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(Big Think)   Parallel Universes: a fun idea, but probably not real   (bigthink.com) divider line
    More: Obvious, Multiverse, Universe, Big Bang, period of cosmological inflation, finite amount of time, General relativity, number of telltale signals, number of possible outcomes  
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461 clicks; posted to STEM » on 20 Oct 2022 at 11:03 AM (14 weeks ago)   |   Favorite    |   share:  Share on Twitter share via Email Share on Facebook



8 Comments     (+0 »)
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2022-10-20 9:56:59 AM  
Only the ones where Rick is the smartest being alive.

/We live in the one with Simple Rick
 
2022-10-20 11:23:22 AM  
That's just what they want you to think.
 
2022-10-20 11:32:21 AM  
The idea that a simple choice causes an entirely new universe, with all of the attendant energy requirements of its creation, to spontaneously be created has always seemed laughable to me.

The idea that more than one "universe" could have been created out of the same event, each having their own  separate and distinct dimensions, does not.

Unless you insist that it be like the Star Trek mirror universe, where every individual's opposite exists despite the radically different history each would have and the unlikelihood that all of the exact same pair bondings and offspring would exist.
 
2022-10-20 11:36:19 AM  
"Infinite universes" only exist as statistical probabilities of specific quantum outcomes. All of those probabilities converge at the "now," when quantum events occur and cause all of those probabilities to collapse into a stable singular continuity that we call "the past."

It's the rope metaphor: the past is an indestructible rope woven from an infinite number of fibers that all weave together at the "now."

The granddaughter made a good point the other evening. She said the only way travel between the future and the past, sci-fi style, is possible is in a universe where fate is predetermined and immutable. Otherwise there would be an infinite number of alternate timelines (in both directions) making it impossible for a time traveler to ever find their way back to their genuine original point of origin.

Although "multiverses" make for some fun storytelling.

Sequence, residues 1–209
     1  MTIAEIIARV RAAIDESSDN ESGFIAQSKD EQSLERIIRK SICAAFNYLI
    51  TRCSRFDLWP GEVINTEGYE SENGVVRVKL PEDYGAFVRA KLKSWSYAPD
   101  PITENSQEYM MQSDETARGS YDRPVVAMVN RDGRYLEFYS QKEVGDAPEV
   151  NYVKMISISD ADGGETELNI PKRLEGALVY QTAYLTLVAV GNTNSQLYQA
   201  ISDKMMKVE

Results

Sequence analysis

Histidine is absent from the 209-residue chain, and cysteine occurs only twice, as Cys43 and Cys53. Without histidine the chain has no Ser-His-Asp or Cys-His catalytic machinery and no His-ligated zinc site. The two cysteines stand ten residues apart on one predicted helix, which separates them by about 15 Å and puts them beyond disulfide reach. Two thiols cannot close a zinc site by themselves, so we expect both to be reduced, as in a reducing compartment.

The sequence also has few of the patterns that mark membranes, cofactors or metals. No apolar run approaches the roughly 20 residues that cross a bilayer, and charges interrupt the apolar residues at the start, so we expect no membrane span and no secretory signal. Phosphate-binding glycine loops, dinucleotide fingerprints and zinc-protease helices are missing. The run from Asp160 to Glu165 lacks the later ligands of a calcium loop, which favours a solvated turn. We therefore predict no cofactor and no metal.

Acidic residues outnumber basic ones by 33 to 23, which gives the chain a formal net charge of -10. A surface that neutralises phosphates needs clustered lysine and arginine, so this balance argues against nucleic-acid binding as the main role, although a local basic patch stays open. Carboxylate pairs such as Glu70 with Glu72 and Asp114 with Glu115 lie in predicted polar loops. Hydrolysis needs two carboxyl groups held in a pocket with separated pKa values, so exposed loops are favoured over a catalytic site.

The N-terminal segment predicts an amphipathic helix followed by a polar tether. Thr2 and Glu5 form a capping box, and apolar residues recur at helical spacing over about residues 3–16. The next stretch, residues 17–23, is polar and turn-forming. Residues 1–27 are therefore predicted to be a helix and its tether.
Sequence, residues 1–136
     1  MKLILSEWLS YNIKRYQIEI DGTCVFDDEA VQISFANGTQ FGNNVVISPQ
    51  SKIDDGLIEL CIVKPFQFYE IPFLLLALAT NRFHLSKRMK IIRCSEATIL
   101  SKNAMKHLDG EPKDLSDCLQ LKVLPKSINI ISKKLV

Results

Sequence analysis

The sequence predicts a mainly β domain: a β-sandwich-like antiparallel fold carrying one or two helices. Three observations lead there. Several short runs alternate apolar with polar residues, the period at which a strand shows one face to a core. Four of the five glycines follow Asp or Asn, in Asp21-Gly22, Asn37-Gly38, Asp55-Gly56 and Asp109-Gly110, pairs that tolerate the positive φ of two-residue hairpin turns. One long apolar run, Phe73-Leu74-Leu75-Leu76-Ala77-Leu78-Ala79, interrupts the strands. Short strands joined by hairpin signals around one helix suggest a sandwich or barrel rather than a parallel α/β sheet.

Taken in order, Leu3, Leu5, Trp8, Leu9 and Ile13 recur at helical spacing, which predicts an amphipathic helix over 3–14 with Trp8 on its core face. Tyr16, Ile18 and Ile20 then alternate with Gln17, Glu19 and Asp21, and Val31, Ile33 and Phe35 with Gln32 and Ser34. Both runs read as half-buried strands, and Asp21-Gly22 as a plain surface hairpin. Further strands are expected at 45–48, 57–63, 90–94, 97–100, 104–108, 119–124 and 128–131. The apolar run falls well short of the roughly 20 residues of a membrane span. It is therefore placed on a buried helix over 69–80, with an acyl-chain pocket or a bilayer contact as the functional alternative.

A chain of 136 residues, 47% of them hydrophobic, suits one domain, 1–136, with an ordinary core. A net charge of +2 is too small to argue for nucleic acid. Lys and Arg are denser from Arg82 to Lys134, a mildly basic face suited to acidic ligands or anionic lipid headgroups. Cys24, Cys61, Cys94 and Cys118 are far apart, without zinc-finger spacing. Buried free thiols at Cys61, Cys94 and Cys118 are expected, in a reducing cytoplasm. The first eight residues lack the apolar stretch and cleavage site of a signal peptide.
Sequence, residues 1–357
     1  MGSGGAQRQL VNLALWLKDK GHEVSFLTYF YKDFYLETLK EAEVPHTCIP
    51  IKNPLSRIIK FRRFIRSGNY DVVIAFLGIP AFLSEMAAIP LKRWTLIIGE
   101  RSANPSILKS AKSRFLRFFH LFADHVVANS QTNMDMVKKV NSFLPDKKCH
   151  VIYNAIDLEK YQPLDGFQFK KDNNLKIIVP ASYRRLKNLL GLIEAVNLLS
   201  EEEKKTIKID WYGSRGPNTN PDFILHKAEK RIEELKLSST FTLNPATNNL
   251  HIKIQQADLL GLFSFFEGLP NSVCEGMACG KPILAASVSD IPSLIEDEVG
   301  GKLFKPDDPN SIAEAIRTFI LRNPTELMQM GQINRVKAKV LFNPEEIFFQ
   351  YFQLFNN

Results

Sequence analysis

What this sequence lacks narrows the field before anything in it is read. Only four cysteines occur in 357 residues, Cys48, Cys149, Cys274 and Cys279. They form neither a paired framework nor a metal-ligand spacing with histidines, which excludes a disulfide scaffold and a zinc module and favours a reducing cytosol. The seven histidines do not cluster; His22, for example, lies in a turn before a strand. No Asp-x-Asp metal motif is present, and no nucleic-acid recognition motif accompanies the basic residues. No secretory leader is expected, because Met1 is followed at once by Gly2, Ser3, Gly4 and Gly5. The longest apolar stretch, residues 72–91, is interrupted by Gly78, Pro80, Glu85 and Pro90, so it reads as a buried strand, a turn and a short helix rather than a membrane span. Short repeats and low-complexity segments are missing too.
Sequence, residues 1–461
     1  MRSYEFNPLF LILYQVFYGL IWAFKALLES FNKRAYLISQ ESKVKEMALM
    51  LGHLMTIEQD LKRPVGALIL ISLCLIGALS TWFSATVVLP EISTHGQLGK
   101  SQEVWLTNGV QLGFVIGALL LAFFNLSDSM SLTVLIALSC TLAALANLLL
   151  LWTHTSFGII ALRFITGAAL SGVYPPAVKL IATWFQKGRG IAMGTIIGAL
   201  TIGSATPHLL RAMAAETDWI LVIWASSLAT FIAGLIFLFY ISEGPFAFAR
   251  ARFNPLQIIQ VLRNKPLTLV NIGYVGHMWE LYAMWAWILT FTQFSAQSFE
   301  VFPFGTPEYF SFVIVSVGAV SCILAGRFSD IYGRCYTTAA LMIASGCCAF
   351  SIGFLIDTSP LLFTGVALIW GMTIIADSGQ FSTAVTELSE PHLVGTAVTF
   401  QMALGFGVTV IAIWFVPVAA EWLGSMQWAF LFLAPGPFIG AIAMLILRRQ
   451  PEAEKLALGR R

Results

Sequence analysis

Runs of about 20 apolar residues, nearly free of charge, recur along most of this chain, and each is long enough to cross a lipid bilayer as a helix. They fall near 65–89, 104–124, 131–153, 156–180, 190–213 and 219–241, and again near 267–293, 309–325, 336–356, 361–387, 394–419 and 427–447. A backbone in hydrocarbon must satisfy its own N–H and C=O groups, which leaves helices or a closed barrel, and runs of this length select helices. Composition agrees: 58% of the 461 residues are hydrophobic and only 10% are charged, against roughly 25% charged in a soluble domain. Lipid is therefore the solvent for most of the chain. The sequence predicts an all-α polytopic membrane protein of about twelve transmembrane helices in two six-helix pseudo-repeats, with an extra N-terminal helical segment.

2022-10-20 11:56:32 AM  

KRSESQ: "Infinite universes" only exist as statistical probabilities of specific quantum outcomes. All of those probabilities converge at the "now," when quantum events occur and cause all of those probabilities to collapse into a stable singular continuity that we call "the past."

It's the rope metaphor: the past is an indestructible rope woven from an infinite number of fibers that all weave together at the "now."

The granddaughter made a good point the other evening. She said the only way travel between the future and the past, sci-fi style, is possible is in a universe where fate is predetermined and immutable. Otherwise there would be an infinite number of alternate timelines (in both directions) making it impossible for a time traveler to ever find their way back to their genuine original point of origin.



Speaking of sci-fi, you post reminded me of this:

https://www.goodreads.com/en/book/show/22378947-ripples-in-the-dirac-sea
 
2022-10-20 12:41:37 PM  
bravewords.comView Full Size

evil spock can't hurt you
 
2022-10-20 1:05:51 PM  
It's kind of a waste of time to go through all the utterly unverifiable theories about the universe, and try to guess probabilities about whether they're true. We'll start making more progress when we embrace the idea that none of us have any farking clue, and more of us start exploring those things that are possible to verify.


preview.redd.itView Full Size
 
2022-10-20 3:18:36 PM  

snowjack: It's kind of a waste of time to go through all the utterly unverifiable theories about the universe, and try to guess probabilities about whether they're true. We'll start making more progress when we embrace the idea that none of us have any farking clue, and more of us start exploring those things that are possible to verify.


[preview.redd.it image 400x508]


Does it matter? Everything is coincidence.  Unless it's a defendant claiming it's a coincidence.
Or
Too small of sampling.
Or
anecdotal.

Jfc.
 
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